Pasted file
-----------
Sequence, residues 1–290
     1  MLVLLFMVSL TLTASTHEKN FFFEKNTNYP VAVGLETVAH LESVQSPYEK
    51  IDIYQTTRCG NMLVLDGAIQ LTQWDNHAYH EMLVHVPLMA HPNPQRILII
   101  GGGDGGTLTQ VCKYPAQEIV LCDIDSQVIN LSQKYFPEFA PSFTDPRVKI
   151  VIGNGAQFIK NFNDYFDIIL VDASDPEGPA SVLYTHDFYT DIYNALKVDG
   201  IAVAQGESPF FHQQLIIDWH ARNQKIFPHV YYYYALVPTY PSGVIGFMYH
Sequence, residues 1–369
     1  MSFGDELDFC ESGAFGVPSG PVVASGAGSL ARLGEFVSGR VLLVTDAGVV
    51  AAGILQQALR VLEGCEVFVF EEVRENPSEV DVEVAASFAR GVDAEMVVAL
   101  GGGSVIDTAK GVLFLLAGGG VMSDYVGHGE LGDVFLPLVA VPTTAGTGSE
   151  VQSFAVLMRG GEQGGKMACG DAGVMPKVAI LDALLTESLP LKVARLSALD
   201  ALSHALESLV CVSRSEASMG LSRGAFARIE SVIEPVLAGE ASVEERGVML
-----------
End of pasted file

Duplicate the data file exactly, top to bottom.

Sequence, residues 1–290
     1  MLVLLFMVSL TLTASTHEKN FFFEKNTNYP VAVGLETVAH LESVQSPYEK
    51  IDIYQTTRCG NMLVLDGAIQ LTQWDNHAYH EMLVHVPLMA HPNPQRILII
   101  GGGDGGTLTQ VCKYPAQEIV LCDIDSQVIN LSQKYFPEFA PSFTDPRVKI
   151  VIGNGAQFIK NFNDYFDIIL VDASDPEGPA SVLYTHDFYT DIYNALKVDG
   201  IAVAQGESPF FHQQLIIDWH ARNQKIFPHV YYYYALVPTY PSGVIGFMYH
Sequence, residues 1–369
     1  MSFGDELDFC ESGAFGVPSG PVVASGAGSL ARLGEFVSGR VLLVTDAGVV
    51  AAGILQQALR VLEGCEVFVF EEVRENPSEV DVEVAASFAR GVDAEMVVAL
   101  GGGSVIDTAK GVLFLLAGGG VMSDYVGHGE LGDVFLPLVA VPTTAGTGSE
   151  VQSFAVLMRG GEQGGKMACG DAGVMPKVAI LDALLTESLP LKVARLSALD
   201  ALSHALESLV CVSRSEASMG LSRGAFARIE SVIEPVLAGE ASVEERGVML